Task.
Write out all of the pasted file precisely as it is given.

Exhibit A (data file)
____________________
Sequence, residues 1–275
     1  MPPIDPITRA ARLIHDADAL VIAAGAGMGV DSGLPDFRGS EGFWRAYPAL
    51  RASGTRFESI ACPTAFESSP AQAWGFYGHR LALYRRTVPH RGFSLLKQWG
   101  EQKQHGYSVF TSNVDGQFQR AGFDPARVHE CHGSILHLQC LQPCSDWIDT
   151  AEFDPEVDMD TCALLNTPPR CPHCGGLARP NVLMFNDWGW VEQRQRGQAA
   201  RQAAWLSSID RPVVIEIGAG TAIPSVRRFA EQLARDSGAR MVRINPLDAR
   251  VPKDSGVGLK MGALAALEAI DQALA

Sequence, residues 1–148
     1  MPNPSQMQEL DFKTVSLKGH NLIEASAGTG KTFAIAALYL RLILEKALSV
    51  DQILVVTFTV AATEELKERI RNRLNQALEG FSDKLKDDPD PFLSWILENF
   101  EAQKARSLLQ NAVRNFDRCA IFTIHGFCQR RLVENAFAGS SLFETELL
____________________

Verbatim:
Sequence, residues 1–275
     1  MPPIDPITRA ARLIHDADAL VIAAGAGMGV DSGLPDFRGS EGFWRAYPAL
    51  RASGTRFESI ACPTAFESSP AQAWGFYGHR LALYRRTVPH RGFSLLKQWG
   101  EQKQHGYSVF TSNVDGQFQR AGFDPARVHE CHGSILHLQC LQPCSDWIDT
   151  AEFDPEVDMD TCALLNTPPR CPHCGGLARP NVLMFNDWGW VEQRQRGQAA
   201  RQAAWLSSID RPVVIEIGAG TAIPSVRRFA EQLARDSGAR MVRINPLDAR
   251  VPKDSGVGLK MGALAALEAI DQALA

Sequence, residues 1–148
     1  MPNPSQMQEL DFKTVSLKGH NLIEASAGTG KTFAIAALYL RLILEKALSV
    51  DQILVVTFTV AATEELKERI RNRLNQALEG FSDKLKDDPD PFLSWILENF
   101  EAQKARSLLQ NAVRNFDRCA IFTIHGFCQR RLVENAFAGS SLFETELL